Sunday, a state trooper stopped me for a chat along Interstate 81. Mr. Trooper congratulated me on sparing the driver just ahead of me from getting a ticket.
After checking my license and registration in his car, he returned to say that apparently I am a good driver (thank you, for once, Big Brother), so he was going to give me a break: instead of writing a ticket for speeding, he was charging me with “failed to obey the instructions of an applicable official traffic-control device.” This would mean a fine of half the fine for speeding, and a points-free license and preservation of my safe-driver insurance discount.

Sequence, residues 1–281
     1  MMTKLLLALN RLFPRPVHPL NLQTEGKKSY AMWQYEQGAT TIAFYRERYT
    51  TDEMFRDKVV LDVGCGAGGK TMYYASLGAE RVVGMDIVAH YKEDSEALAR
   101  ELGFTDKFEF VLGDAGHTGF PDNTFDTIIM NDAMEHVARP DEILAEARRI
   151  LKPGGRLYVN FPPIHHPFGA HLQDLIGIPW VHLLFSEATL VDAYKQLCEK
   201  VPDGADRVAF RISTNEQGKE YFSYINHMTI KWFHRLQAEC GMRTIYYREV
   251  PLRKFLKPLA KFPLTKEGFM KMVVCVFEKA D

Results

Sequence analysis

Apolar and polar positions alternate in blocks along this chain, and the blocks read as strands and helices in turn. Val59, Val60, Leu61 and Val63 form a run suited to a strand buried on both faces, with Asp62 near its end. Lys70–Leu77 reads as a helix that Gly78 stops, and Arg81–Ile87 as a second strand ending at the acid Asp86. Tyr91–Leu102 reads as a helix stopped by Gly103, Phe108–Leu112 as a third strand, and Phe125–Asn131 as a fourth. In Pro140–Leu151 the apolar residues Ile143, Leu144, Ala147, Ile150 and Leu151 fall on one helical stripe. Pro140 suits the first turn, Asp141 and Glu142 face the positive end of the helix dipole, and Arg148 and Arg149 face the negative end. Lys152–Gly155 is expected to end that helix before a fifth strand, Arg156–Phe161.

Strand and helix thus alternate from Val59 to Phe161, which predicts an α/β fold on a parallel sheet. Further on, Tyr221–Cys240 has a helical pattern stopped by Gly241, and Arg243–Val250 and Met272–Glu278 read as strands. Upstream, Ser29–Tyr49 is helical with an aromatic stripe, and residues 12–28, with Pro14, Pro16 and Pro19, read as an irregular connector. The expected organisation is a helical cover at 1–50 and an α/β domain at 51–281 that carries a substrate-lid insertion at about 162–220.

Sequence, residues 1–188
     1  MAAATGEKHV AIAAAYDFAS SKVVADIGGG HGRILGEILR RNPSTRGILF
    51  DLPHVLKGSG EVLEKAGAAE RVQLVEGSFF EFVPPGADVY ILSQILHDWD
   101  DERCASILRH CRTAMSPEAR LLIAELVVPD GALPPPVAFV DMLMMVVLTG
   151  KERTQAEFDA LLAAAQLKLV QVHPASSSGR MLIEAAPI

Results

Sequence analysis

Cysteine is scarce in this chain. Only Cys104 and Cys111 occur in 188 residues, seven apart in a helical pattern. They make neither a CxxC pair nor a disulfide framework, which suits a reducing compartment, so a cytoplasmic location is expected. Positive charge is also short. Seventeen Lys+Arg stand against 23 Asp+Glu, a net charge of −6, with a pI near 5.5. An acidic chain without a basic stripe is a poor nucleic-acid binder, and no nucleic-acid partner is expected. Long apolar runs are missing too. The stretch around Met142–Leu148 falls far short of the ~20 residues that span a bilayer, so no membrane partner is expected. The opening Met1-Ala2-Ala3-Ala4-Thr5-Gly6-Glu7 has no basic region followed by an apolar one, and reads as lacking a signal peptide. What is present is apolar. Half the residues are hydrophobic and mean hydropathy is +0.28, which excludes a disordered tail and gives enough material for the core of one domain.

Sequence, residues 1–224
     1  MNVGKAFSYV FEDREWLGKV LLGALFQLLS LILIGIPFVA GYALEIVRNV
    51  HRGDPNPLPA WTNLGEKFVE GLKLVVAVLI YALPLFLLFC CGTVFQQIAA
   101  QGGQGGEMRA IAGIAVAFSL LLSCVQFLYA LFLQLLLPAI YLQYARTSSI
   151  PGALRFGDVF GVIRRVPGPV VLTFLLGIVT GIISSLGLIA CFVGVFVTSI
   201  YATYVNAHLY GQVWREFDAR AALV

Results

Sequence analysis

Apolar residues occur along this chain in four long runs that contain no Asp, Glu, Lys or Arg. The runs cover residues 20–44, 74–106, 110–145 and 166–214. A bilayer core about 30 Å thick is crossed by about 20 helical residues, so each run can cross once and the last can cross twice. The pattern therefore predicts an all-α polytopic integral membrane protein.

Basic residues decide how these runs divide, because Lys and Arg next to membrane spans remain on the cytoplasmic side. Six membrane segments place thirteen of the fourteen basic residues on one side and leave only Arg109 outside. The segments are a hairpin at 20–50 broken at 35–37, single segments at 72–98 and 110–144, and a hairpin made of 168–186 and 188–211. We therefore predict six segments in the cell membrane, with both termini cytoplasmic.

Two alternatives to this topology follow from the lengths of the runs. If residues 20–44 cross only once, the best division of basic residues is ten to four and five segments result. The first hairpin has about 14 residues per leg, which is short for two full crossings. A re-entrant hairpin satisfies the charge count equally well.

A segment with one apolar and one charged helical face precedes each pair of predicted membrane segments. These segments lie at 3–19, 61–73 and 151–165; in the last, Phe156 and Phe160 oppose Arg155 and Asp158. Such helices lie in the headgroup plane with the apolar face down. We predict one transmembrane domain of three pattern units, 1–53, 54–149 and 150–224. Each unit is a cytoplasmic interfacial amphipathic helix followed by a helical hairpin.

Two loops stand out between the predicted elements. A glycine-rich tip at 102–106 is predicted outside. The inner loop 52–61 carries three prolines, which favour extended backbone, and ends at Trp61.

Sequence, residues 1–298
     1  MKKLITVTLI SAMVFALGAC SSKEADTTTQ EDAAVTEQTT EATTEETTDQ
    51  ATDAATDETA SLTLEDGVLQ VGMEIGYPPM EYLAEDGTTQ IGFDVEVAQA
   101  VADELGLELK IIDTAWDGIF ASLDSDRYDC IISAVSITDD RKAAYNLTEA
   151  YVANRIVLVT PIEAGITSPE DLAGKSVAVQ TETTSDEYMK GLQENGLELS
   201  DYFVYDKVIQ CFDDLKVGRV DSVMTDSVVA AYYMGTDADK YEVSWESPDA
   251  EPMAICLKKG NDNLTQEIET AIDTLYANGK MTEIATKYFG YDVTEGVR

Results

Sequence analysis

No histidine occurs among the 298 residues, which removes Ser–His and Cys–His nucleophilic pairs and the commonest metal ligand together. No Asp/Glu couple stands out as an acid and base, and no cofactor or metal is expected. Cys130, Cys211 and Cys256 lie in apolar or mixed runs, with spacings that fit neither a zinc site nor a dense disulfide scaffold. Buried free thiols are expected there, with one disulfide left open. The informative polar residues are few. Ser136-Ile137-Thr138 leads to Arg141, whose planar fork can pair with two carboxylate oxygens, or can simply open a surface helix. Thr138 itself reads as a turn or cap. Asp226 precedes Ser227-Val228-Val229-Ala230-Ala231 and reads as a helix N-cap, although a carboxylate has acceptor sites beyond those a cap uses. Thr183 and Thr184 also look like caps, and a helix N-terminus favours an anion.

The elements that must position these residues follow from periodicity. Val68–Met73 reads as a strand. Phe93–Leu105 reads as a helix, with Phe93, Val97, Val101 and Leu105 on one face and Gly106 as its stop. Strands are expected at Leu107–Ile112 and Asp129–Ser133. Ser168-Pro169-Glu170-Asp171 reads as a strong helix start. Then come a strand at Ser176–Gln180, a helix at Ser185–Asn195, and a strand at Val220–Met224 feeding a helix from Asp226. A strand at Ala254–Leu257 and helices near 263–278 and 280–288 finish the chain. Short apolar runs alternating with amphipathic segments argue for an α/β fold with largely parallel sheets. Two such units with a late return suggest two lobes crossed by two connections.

An hour later I looked at the citation. I owe Magisterial District No. 21-3-04 either a return visit to plead not guilty, or a check for $110.50. Here’s the breakdown:
$10 Emergency Medical Services Act
$30 Medical Care Availability and Reduction of Error Fund
$10 Judicial Computer Project/Access to Justice
It’s been many years since my last roadside chat with a trooper. That one was a lot simpler and cheaper.
So, my haste to get back to Baltimore apparently will benefit Pennsylvania’s health care and judicial systems. Considering how many other drivers were pulled over, the commonwealth should easily balance its budget.